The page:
Another osteocyte-selective marker is the hormone FGF23, highly expressed in the osteocyte. Through FGF23 release, the osteocyte directly regulates systemic mineral levels distant from the bone. In hypophosphatemia, Dmp1 and Phex, also produced by the osteocyte, downregulate FGF23 expression, thereby increasing phosphate reabsorption in the kidney and enabling the body to maintain normal phosphate levels and bone mineral content (13,33). Patients with chronic kidney disease, vitamin D deficiency, or hypophosphatemic rickets suffer from elevated FGF23 and subsequent phosphate wasting and loss of bone mineral content (13,34,35). Elucidation of the regulation of FGF23 expression in osteocytes and exact mechanisms for its control would lead to better treatment for these patients. FGF23 expression in IDG-SW3 cells is low but detectable in baseline conditions at Day 14 of culture. Consistent with in vivo observations, 1,25-dihydroxyvitamin D3 treatment dramatically increases FGF23 expression in IDG-SW3 cells. Thus, IDG-SW3 cells may be a model to further understand FGF23 regulation.

IDG-SW3 may also be a model system for studying bone formation in healing defects. When IDG-SW3 cells were cultured on collagen sponges and implanted into calvarial defects in wild-type hosts, both microCT and histology show enhanced bone formation in vivo. GFP-positive cells are noted within the healing site in association with mineralizing bone, but in much fewer numbers than were implanted at the site. We speculate that the implanted cells may have ceased GFP expression after extended differentiation. An alternative explanation is that the IDG-SW3 cells were responsible for recruiting host cells to the defect, creating a more favorable environment for host cell attchment, and/or accelerating host cell differentiation and function. These data clearly warrant further studies to fully unravel the roles of IDG-SW3 cells and host cells in the new bone formation.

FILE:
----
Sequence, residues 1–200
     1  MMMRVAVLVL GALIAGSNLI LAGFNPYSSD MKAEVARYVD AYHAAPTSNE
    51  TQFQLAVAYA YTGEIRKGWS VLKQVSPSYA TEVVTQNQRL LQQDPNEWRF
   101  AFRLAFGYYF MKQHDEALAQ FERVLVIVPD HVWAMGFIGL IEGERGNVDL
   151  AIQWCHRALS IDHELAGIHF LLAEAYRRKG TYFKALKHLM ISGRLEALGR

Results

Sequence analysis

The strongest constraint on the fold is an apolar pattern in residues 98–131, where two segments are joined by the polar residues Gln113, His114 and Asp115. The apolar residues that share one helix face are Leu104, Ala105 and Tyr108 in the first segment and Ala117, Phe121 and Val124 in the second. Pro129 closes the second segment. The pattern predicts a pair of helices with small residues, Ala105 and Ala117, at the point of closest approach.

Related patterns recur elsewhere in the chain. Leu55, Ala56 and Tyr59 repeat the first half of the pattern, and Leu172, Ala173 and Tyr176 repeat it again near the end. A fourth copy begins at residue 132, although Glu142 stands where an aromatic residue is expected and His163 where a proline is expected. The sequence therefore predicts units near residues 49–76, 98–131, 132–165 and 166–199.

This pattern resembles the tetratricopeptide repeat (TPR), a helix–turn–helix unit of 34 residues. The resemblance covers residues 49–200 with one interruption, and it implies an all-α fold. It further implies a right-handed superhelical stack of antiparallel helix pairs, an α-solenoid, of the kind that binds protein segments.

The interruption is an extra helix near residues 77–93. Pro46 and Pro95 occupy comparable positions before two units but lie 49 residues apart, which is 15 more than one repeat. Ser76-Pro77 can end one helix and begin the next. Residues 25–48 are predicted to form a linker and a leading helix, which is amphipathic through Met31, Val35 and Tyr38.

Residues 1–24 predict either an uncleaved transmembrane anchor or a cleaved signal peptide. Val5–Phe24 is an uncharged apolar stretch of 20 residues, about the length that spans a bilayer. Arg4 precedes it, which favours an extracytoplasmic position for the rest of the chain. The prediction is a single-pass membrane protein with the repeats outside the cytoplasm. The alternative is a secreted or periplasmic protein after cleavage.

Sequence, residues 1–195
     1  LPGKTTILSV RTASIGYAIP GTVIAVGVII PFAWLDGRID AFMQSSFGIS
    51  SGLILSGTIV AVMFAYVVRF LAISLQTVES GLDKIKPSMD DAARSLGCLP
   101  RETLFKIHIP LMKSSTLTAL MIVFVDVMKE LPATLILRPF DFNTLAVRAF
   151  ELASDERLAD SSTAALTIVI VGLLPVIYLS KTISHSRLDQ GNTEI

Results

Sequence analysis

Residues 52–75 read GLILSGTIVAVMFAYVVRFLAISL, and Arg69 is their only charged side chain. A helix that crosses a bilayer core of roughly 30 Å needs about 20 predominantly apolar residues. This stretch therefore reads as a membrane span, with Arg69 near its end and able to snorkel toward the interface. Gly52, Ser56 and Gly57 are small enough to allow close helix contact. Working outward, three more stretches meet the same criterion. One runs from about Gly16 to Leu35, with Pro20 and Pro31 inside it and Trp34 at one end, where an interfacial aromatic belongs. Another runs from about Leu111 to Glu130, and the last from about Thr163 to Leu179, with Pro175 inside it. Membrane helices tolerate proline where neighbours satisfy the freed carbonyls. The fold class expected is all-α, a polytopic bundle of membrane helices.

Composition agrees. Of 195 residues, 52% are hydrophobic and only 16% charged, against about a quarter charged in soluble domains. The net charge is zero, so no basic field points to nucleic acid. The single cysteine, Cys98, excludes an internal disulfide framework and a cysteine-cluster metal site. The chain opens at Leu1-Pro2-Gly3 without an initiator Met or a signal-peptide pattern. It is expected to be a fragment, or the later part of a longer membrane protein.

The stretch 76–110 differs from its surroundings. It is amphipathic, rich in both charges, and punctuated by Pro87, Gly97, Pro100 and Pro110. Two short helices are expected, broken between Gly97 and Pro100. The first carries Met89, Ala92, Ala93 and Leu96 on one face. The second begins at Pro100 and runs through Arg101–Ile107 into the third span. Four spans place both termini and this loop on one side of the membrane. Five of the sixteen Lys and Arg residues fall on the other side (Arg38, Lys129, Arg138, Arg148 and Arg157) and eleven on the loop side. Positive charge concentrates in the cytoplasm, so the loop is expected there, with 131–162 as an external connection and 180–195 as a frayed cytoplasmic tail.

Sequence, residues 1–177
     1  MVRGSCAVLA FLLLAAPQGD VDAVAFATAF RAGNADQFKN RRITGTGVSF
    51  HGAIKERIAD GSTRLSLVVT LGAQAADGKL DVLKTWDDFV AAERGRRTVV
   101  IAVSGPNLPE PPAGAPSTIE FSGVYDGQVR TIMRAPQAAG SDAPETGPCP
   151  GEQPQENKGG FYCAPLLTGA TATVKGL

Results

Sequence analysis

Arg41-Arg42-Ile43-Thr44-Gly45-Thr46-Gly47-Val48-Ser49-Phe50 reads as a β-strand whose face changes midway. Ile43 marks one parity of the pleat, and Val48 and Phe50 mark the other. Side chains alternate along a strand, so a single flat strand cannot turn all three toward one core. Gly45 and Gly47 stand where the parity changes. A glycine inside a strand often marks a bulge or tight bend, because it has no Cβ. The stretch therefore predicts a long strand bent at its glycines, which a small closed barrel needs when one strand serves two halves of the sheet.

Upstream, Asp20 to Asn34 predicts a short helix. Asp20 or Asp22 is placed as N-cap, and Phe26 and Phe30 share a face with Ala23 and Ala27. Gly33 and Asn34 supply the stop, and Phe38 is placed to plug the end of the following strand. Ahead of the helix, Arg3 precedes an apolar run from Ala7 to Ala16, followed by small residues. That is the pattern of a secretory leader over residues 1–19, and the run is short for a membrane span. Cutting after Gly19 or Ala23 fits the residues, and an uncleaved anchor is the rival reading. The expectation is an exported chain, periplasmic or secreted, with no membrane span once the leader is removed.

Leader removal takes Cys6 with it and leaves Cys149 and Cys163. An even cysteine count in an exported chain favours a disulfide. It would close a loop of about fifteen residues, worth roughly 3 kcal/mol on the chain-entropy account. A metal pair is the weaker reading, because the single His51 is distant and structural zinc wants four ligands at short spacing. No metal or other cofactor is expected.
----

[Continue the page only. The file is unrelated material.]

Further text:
Immunorejection of the implanted cells was not observed. This is consistent with previous studies using Immortomouse-derived hepatocytes transplanted into congenic C57/B6 mice after engraftment for 2 weeks without development of a graft vs. host response (36).